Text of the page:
the nerves will be straining to bring the muscles up to work which
they could do quite easily if they were receiving the right amount
of nourishment from air and food.
Second--When our work gives our muscles a tendency steadily in one
direction we must aim to counteract that tendency by using exercises
with a will to pull them in the opposite way.
If a man writes constantly, to stop writing half a dozen times a day
and stretch the fingers of his hand wide apart and let them relax
back slowly will help him so that he need not be afraid of writer's
Now a woman's tendency in sewing is to have her chest contracted and
settled down on her stomach, and her head bent forward. Let her stop
even twice a day, lift her chest off her stomach, see that the
lifting of her chest takes her shoulders back, let her head gently
fall back, take a long quiet breath in that attitude, then bring the
head up slowly, take some long quiet breaths like gentle sighs,
gradually let the lungs settle back into their habitual state of
breathing, and then try the exercise again.
If this exercise is repeated three times in succession with quiet
care, its effect will be very evident in the refreshment felt when a
woman begins sewing again.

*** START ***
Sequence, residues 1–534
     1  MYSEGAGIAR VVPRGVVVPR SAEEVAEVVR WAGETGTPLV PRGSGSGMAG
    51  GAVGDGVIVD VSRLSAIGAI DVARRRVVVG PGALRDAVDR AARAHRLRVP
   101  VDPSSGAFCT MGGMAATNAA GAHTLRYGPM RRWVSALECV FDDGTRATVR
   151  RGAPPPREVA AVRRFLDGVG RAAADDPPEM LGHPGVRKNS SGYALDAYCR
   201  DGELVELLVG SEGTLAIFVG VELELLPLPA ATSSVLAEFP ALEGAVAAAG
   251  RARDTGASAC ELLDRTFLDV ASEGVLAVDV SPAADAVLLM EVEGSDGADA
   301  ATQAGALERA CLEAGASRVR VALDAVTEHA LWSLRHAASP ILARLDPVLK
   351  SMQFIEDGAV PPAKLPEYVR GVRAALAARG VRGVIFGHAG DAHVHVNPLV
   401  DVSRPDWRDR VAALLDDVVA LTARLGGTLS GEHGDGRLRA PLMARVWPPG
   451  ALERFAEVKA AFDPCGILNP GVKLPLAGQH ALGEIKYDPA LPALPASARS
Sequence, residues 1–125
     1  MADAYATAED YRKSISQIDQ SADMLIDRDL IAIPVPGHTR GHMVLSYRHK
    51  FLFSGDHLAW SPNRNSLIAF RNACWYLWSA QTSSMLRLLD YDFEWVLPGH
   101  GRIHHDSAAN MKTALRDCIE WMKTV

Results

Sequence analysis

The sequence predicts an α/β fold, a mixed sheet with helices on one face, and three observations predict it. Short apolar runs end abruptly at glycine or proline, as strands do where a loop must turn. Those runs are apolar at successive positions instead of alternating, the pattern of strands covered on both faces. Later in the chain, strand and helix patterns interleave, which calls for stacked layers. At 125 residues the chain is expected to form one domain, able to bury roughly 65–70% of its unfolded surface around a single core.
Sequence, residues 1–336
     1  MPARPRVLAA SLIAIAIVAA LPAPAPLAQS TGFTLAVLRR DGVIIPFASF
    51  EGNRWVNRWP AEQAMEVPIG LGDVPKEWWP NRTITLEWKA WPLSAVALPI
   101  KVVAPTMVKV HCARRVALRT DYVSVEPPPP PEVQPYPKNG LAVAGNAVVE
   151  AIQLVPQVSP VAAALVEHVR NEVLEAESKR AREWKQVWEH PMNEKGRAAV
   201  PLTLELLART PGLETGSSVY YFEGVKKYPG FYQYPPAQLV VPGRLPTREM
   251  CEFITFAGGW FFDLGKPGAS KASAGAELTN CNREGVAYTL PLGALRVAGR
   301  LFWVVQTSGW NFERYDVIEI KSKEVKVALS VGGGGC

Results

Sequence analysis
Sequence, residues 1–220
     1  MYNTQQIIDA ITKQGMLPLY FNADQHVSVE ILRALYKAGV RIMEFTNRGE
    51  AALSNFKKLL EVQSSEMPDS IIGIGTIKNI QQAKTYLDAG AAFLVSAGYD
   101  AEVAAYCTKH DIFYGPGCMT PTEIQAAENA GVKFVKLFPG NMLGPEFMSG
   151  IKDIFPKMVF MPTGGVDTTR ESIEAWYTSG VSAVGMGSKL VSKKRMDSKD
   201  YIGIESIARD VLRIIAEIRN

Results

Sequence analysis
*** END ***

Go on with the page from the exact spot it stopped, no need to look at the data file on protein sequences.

At the very most it can only take two minutes to go through the
whole exercise and be ready to repeat it.
That will mean six minutes for the three successive times.
Six minutes can easily be made up by the renewed vigor that comes
from the long breath and change of attitude. Stopping for the
exercise three times a day will only take eighteen--or at the most
twenty-minutes out of the day's work and it will put much more than
that into the work in new power.
Third--We must remember that we need not sew in a badly cramped
position. Of course the, exercises will help us out of the
habitually cramped attitude, but we cannot expect them to help us so
much unless we make an effort while sewing to be as little cramped
The exercises give us a new standard of erectness, and that new
standard will make us sensitive to the wrong attitude.
We will constantly notice when our chests get cramped and settled
down on our stomachs and by expanding them and lifting them, even as
we sew, the healthy attitude will get to be second nature.
Fourth--We must sew with our hands and our arms, not with our
spines, the backs of our necks, or our legs. The unnecessary strain
she puts into her sewing makes a woman more tired than anything
else. To avoid this she must get sensitive to the strain, and every
time she perceives it drop it; consciously, with a decided use of
her will, until she has established the habit of working without
strain. The gentle raising of the head to the erect position after
the breathing exercise will let out a great deal of strain, and so
make us more sensitive to its return when we begin to sew, and the
more sensitive we get to it the sooner we can drop it.
I think I hear a woman say, "I have neither the time nor the
strength to attend to all this." My answer is, such exercise will
save time and strength in the end.